Following administration of ampicillin to pregnant women, a transient decrease in plasma concentration of total conjugate oestriol, oestrio-glucuronide, conjugated oestrone and oestradiol has been noted. This effect may also occur with Amoxicillin (Palentin) and therefore, Palentin.
The use of this antibiotic may lead to the selection of resistant strains of organisms and sensitivity testing should, therefore, be carried out whenever possible, to demonstrate the appropriateness of therapy.
The most frequently reported adverse effects were diarrhoea, nausea, vomiting, abdominal pain, skin rashes, urticaria and erythema multiforme, vaginitis, abnormal taste, headache, dizziness, tiredness and hot flushes. The incidence and severity of adverse effects, particularly nausea and diarrhoea, increased with the higher recommended dose and can be minimised by administering the agent at the start of a meal. In addition, as these symptoms are especially related to the potassium clavulanate component, where these GI symptoms occur and a higher concentration of Amoxicillin (Palentin) is required, consideration should be given to administering the additional Amoxicillin (Palentin) separately.
Hepatitis and cholestatic jaundice have been reported with the combination of Amoxicillin (Palentin) and Clavulanic Acid (Palentin); the Clavulanic Acid (Palentin) component has been implicated. The events associated with Palentin may be severe and occur predominantly in adult or elderly patients. Signs and symptoms usually occur during or shortly after treatment, but in some cases may not become apparent until several weeks after treatment has ceased. The hepatic events are usually reversible. However, in extremely rare circumstances, death has been reported. These have almost always been cases associated with serious underlying disease or concomitant medication.
A moderate rise in aspartate transaminase and/or alanine transaminase has been noted in patients treated with Palentin, the significance of these findings is unknown.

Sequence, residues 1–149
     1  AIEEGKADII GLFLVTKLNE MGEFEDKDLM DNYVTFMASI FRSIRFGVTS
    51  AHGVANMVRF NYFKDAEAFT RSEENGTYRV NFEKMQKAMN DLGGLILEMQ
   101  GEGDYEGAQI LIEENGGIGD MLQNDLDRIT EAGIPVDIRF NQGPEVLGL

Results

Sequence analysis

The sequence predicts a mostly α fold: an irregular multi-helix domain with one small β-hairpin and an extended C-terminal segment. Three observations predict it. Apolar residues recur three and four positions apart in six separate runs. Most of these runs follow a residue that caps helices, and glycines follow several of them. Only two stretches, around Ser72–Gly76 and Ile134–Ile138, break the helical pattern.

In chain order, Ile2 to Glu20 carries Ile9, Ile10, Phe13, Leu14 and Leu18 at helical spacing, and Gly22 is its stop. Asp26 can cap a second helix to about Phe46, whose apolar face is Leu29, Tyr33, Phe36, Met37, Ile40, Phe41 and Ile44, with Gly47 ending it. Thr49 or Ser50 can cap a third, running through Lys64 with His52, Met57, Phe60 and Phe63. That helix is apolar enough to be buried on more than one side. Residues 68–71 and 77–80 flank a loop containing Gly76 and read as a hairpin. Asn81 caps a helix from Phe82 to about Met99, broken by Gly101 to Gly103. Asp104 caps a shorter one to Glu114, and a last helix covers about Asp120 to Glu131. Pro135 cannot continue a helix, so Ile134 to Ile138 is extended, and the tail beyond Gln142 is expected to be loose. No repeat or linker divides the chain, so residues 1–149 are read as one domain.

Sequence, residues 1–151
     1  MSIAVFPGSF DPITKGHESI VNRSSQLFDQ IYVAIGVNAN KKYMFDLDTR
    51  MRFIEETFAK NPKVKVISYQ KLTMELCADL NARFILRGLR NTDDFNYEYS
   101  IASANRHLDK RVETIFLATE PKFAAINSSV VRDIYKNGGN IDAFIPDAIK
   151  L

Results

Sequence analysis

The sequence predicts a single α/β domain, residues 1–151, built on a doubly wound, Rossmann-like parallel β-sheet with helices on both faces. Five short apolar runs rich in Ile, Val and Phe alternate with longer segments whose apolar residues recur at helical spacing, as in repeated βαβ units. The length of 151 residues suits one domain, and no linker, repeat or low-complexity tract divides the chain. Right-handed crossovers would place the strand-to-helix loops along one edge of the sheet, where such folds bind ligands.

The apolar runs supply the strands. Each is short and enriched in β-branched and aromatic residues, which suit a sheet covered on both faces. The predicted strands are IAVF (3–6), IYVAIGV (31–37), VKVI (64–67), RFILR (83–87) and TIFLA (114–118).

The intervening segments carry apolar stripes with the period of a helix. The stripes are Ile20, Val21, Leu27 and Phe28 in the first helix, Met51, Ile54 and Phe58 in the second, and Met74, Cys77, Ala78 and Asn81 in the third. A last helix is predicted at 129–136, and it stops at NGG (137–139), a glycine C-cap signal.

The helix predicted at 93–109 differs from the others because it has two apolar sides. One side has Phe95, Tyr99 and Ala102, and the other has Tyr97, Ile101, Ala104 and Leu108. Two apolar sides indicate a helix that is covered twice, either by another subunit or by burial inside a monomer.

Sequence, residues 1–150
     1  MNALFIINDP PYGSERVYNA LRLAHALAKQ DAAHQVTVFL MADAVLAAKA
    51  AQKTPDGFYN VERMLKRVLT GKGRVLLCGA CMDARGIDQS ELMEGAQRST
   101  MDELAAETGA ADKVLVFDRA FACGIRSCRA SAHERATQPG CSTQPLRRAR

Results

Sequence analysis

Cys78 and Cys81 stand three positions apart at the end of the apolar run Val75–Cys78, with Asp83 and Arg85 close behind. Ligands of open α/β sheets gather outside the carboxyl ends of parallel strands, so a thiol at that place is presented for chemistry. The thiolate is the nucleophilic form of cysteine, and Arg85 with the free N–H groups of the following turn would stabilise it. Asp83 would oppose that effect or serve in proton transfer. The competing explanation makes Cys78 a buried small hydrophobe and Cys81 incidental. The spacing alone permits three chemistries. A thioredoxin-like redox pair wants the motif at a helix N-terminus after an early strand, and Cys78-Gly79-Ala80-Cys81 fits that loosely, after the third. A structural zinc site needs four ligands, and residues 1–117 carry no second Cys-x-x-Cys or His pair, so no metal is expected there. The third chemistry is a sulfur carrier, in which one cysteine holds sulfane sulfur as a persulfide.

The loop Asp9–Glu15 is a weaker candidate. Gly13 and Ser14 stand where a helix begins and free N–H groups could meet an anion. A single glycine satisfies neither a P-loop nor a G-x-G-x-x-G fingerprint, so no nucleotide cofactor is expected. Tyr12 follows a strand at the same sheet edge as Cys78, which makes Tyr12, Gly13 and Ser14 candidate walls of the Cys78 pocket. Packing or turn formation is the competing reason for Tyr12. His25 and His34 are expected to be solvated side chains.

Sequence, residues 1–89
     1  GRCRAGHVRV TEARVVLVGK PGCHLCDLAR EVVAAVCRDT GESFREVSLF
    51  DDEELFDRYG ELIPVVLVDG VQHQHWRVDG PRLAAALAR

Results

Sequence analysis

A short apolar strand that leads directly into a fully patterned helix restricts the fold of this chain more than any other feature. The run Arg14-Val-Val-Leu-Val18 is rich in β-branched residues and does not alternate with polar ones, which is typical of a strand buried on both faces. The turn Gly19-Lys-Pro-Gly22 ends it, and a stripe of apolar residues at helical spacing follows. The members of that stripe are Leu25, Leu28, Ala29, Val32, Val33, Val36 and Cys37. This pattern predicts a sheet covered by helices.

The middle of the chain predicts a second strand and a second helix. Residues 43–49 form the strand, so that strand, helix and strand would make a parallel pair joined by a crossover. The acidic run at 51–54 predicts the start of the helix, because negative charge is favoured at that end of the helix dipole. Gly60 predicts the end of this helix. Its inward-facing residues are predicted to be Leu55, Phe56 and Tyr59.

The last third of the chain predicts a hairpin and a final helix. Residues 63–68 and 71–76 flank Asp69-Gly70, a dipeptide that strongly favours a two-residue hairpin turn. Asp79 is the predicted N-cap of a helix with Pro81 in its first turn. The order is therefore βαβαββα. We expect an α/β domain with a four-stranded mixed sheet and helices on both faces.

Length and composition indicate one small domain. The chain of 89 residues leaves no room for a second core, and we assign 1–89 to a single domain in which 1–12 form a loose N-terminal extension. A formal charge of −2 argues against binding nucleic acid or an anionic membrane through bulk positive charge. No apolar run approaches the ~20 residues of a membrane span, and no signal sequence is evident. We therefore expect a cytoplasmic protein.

The following adverse reactions have been reported for ampicillin class antibiotics and may occur with Palentin.
Gastrointestinal: Gastritis, stomatitis, glossitis, black hairy tongue, enterocolitis and pseudomembranous colitis. If GI reactions are evident, they may be reduced by taking Palentin at the start of a meal.
Amoxicillin (Palentin) causes hypersensitivity reactions similar to those induced by penicillin G and ampicillin, including rashes and fever. The incidence of these reaction is probably no higher than with other penicillins. Sensitivity reactions are more likely to occur in individuals who have previously demonstrated hypersensitivity to penicillins and in those with a history of allergy, asthma, hay fever or uticaria. Hypersensitivity reactions include skin rashes, urticaria, erythema multiforme, rare cases of Stevens-Johnson syndrome and less frequently exfoliative dermatitis and toxic epidermal necrolysis have been reported. Whenever such reactions occur, Palentin should be discontinued. Serious and occasional fatal hypersensitivity (anaphylactic) reactions and angioneurotic oedema can occur with oral penicillin.
Haematopoietic and Lymphatic: Anaemia, thrombocytopenia, thrombocytopenic purpura, eosinophilia, leucopenia and agranulocytosis have been reported during therapy with penicillins. These reactions are usually reversible on discontinuation of therapy and are believed to be hypersensitivity phenomena. A slight thrombocytosis was noted in patients treated with Palentin. Prolongation of bleeding time and prothrombin time have also been reported less frequently.
Amoxicillin (Palentin) alone or in combination with Clavulanic Acid (Palentin) has been associated with acute hepatic dysfunction. The incidence rate (95% confidence intervals) were 1.7 (1.1-2.7) (Amoxicillin (Palentin)-Clavulanic Acid (Palentin)) and 0.3 (0.2-0.5)/10,000 prescriptions (Amoxicillin (Palentin) alone). Risks were increased in patients receiving >1 course and in older recipients.
Central Nervous System: Reversible hyperactivity, agitation, anxiety, insomnia, confusion, behavioural changes and/or dizziness have also been reported. Depression, seizures or hallucinations.
Hypersensitivity to the Amoxicillin (Palentin)/clavulanate potassium to any of the penicillins or to any of the excipients of Palentin.
History of a severe immediate hypersensitivity reaction (eg, anaphylaxis) to another β-lactam agent (eg, a cephalosporin, carbapenem or monobactam).
History of cholestatic jaundice/hepatic dysfunction due to Palentin (Palentin).
DailyMed. "AMOXICILLIN; CLAVULANATE POTASSIUM: DailyMed provides trustworthy information about marketed drugs in the United States. DailyMed is the official provider of FDA label information (package inserts).". https://dailymed.nlm.nih.gov/dailyme... (accessed September 17, 2018).
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Information checked by Dr. Sachin Kumar, MD Pharmacology